In the final analysis, if you can call it that, none of this stuff really matters. In my own life, there have been just a few perfumes out of the hundreds I’ve tried that have done this to me, and this is one of them. I wear it to do laundry. I wear it to sleep. Right now, it’s my favorite mood manager. No matter what I’m doing when it wear it, it’s better than it would have been without it. For me, it has transcended analysis. 
Is there a fragrance, or more than one, that does this for you?
The perfumer for “So Pretty” was Jean Guichard, who also created “Obsession,” “Loulou” “Poison” and “Asja.”


The nebula photo is one I’ve had hanging around in my photo files for a long time. I never recorded who the photographer was, so can’t give proper credit here. 

18 comments:

Mals86 said...

My "instant happiness in a bottle" scents include 2 PdNs: Vanille Tonka (giddy carnation-lime-incense, wheeeee!) and Le Temps d'une Fete (pure green joy). The others are PdR Rose d'Ete, L'Arte di Gucci and Alahine. THey just make everything better.

It wouldn't be love if you could explain it.

Did not care for So Pretty, although I am a sucker for most rose chypres. I thought of it as being more a fruity chypre than a rose one - like Mitsy or Yvresse - so that's probably the sticking point for me.

BitterGrace said...

Hmm, I'm making a mental note to retry So Pretty. If you like it, there must be something good there.

I'm trying to think of a contemporary scent that waylaid me in the manner you describe, but I really can't think of one. My Sin always smells good to me, but it does evoke a lot of specific youthful memories. The closest I've come to an "out of the blue" love affair is with the original Ma Griffe. I just happened to stumble across a bottle many years ago, and I've loved it ever since. Always makes me happy.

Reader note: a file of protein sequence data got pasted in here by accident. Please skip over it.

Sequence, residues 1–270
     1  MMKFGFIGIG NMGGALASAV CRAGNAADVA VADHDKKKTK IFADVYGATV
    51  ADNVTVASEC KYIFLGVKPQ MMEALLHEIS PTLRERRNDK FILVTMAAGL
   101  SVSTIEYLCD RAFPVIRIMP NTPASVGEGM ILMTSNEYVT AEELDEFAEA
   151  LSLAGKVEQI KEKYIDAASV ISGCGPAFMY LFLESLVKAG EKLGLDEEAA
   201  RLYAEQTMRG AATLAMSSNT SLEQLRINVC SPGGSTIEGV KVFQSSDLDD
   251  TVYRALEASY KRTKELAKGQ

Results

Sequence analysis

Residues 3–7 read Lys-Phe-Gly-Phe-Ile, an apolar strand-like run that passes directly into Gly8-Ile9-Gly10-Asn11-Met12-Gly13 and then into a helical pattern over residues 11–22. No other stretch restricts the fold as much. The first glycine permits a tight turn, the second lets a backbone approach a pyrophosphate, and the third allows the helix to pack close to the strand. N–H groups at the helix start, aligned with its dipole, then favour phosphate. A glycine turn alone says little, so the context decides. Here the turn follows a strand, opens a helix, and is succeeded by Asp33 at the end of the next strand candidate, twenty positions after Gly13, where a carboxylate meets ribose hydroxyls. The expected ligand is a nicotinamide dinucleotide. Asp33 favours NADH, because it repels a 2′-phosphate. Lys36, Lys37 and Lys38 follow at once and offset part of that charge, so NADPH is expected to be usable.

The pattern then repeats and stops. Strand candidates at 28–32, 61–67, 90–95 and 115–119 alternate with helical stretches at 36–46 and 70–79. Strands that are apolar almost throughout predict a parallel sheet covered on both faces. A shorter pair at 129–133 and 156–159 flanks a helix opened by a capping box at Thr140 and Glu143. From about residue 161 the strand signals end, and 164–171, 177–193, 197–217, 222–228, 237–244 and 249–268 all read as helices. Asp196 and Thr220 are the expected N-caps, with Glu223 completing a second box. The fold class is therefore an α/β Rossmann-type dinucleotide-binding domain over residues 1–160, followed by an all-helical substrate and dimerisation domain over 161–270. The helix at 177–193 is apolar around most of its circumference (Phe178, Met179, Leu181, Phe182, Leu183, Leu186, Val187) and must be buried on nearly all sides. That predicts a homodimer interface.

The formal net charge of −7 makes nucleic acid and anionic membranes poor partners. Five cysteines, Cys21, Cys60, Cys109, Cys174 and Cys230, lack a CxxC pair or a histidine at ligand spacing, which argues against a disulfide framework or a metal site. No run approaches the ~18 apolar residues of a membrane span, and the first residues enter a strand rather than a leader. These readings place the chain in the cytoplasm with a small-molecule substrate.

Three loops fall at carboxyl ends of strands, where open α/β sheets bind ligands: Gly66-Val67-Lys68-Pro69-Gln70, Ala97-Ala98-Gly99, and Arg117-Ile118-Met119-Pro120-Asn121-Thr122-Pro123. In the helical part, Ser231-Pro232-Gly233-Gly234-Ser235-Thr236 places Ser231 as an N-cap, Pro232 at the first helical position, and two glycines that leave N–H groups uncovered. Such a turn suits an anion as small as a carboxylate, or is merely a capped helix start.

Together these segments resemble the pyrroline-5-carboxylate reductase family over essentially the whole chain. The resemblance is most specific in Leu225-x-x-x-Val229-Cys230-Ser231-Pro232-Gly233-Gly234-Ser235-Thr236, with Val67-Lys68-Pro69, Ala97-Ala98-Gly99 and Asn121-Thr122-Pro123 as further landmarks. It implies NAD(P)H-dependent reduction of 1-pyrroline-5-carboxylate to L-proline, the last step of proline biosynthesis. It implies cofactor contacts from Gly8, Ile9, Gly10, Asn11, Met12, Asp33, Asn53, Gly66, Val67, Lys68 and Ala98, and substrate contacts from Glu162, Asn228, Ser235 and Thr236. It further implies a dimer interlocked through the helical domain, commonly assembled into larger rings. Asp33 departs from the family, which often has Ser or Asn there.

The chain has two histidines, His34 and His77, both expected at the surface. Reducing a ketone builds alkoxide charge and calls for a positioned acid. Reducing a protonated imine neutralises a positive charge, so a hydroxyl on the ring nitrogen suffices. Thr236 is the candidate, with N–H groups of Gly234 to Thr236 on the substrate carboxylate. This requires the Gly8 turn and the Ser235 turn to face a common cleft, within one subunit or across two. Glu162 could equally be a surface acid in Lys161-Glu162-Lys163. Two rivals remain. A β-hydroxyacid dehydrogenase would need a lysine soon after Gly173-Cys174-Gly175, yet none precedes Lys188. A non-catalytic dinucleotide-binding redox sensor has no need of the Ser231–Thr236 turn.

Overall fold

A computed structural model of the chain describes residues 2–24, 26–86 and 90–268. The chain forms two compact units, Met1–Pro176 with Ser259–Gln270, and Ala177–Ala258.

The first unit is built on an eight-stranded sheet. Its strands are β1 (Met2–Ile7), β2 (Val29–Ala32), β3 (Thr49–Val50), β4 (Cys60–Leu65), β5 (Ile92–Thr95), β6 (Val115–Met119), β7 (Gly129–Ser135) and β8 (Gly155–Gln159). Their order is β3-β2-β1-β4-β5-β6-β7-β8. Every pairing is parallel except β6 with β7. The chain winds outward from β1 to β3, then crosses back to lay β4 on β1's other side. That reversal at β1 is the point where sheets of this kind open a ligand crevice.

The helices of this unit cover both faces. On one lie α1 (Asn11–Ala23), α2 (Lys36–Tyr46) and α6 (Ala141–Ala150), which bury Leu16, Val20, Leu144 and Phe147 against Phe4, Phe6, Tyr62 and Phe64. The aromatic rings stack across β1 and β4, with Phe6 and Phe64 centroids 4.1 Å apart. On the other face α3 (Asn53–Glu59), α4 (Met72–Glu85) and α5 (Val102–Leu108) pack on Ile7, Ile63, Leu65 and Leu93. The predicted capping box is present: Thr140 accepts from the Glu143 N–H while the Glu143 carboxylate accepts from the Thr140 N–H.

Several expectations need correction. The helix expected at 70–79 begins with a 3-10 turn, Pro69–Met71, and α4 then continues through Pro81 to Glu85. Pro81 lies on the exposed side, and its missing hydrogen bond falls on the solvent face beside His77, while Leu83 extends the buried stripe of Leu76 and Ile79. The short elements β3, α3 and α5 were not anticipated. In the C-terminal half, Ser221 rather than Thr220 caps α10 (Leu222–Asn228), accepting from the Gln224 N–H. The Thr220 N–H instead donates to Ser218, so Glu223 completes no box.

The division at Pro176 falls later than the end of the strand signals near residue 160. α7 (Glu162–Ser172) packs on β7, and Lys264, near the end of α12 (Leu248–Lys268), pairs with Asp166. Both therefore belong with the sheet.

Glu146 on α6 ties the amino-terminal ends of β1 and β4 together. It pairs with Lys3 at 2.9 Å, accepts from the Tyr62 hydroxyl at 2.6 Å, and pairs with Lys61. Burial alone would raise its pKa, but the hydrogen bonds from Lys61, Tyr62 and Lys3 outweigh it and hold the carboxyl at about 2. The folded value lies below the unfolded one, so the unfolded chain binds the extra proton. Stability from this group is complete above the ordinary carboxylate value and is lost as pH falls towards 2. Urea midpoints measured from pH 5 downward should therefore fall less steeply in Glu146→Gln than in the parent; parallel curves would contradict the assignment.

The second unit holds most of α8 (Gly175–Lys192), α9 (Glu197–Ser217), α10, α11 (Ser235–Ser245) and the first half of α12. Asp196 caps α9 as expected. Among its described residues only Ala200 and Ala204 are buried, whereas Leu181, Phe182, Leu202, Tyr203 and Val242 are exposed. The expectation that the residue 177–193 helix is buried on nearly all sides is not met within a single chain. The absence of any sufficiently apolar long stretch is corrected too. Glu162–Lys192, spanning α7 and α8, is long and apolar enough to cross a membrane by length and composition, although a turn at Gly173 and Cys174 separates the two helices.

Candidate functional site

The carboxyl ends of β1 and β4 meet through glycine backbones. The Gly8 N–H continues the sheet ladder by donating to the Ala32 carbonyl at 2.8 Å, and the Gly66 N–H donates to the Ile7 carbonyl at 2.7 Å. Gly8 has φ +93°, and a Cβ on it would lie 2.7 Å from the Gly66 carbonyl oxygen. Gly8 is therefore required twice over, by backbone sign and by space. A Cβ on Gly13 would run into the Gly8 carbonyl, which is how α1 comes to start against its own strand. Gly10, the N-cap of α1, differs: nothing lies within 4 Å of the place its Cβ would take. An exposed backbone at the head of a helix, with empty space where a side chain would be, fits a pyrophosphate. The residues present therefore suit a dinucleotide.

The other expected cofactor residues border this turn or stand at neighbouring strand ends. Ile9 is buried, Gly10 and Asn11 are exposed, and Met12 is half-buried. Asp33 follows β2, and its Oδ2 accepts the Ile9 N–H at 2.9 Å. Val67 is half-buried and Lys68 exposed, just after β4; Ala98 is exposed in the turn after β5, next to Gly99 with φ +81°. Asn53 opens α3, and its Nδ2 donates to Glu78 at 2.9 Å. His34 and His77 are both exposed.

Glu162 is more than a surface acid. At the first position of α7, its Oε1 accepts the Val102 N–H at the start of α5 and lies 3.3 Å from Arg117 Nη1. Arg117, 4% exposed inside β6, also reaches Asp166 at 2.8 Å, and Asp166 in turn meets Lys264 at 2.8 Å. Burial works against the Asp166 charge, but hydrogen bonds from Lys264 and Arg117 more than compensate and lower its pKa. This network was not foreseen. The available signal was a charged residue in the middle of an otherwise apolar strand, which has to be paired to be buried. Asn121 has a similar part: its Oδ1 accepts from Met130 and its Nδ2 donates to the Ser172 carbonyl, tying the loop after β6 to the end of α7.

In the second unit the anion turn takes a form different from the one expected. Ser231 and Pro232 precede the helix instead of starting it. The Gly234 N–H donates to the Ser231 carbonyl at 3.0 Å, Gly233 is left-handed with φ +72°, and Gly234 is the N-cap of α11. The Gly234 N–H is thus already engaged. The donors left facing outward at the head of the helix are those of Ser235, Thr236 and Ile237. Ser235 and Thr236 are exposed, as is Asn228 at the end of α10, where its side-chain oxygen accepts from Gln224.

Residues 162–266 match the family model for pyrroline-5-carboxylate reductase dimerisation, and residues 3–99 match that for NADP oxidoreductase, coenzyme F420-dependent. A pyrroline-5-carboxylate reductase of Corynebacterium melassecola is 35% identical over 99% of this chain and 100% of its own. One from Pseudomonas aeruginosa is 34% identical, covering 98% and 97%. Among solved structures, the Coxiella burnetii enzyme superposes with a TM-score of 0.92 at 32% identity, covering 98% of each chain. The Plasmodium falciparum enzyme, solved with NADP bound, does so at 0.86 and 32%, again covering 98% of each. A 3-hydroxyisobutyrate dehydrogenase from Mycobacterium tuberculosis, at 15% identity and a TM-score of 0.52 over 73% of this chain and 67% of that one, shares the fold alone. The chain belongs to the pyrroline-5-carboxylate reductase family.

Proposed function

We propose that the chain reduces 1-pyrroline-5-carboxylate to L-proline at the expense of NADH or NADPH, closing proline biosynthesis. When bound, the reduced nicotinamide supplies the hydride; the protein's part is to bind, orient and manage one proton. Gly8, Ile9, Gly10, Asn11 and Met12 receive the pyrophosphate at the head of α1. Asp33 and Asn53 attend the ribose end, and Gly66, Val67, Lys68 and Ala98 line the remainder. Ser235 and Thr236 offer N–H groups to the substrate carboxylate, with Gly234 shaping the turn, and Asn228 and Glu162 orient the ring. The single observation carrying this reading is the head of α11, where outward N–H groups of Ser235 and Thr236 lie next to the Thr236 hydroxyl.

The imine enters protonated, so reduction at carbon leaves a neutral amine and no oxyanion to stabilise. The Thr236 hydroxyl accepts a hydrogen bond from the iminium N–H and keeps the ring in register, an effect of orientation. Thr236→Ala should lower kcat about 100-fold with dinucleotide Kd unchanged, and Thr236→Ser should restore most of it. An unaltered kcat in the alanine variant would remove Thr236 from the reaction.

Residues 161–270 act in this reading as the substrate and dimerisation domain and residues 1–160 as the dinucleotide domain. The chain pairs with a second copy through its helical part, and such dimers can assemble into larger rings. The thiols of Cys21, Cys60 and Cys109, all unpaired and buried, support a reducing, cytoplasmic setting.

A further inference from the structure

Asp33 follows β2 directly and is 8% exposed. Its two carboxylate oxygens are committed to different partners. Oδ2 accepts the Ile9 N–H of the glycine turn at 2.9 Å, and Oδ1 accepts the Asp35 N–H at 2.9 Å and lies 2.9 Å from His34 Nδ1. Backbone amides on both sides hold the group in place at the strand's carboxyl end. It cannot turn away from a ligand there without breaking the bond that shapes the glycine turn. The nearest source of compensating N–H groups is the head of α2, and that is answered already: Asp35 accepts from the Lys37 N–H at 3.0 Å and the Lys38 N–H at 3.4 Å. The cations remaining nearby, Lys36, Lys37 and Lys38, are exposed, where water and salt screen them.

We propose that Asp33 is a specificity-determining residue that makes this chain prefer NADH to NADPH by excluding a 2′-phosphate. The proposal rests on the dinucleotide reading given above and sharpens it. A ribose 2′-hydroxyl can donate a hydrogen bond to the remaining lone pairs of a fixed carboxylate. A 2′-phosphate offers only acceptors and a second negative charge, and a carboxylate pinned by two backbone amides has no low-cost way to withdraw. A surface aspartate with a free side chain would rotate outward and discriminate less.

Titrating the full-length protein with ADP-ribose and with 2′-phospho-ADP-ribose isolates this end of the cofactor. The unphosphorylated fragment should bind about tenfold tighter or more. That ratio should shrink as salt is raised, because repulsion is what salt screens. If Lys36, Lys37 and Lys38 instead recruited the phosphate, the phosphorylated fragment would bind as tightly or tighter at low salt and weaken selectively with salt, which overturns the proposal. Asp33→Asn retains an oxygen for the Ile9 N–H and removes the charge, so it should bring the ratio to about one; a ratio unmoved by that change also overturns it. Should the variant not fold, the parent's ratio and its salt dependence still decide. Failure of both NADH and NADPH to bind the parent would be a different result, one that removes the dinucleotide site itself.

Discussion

I've had a few instant attractions with new mainstream perfumes, but invariably things go sour with the second or third encounter. Such is life...

waftbyCarol said...

Roses are the highest recorded hertz vibration , so would definitely make you feel happy...but I agree with mals - it wouldn't be love if you could explain it !
Baghari did that for me , so did Alahine when I was in Italy .
Sinfonia Fleur di Santal , vintage Arpege ,and DSH Minuit all come to mind . I'm all over the map but when a swoon happens it's really a special thing !!

Rappleyea said...

My instant happiness scent is Guerlain's Spiritueuse Double Vanille. And like your feelings about roses, I have never particularly cared for vanilla. So other than being able to give you an example of a scent, I have no other answers.

Olfacta said...

Hi M -- very true. And I agree about the "rose chypre" bit. I wouldn't have classified SP that way. But I'm unwilling to give it the dreaded "Fruity Floral" label either, since it has nothing to do with the dreck being sold under that label now. I'd call it an accessible rose floral with a little berry. Yeah, that's it. And if I could get my hands on a larger bottle of L'Arte di Gucci (just have a mini) then I would really swoon.

Olfacta said...

Hi M -- I was really surprised by this too. Feel the same about Ma Griffe in perfume -- it was my first experience of a scent that smell odd but was compelling (age 14). Keep getting outbid in it though.
Thanks for commenting!

Olfacta said...

Hi C -- Hertz vibration, hmmm....another index I don't know about? May be time for some more geekery.

Olfacta said...

Hi R -- I was going to look for the perfect vanilla. I'll put that one down as a candidate, thanks! I remember, a few years ago, when everything from shampoo to foot balm was heavily scented with very synthetic smelling "vanilla." It made me gag for a while too.

Elizabeth said...

Eau Première was my "So Pretty" equivalent. Immediate love and wanting to spray it on all day, every day. I feel so happy when I wear it! Now I need to try So Pretty, but gosh, what an insipid name.

ChickenFreak said...

I have a sort of mirror-image reverse of your rose issue - I _love_ roses in real life. I grow a bunch of them, most of them old-fashioned varieties that do have a smell. But rose perfumes generally leave me cold. (I whined about this elseblog and am receiving many, many suggestions for rose perfumes to try.)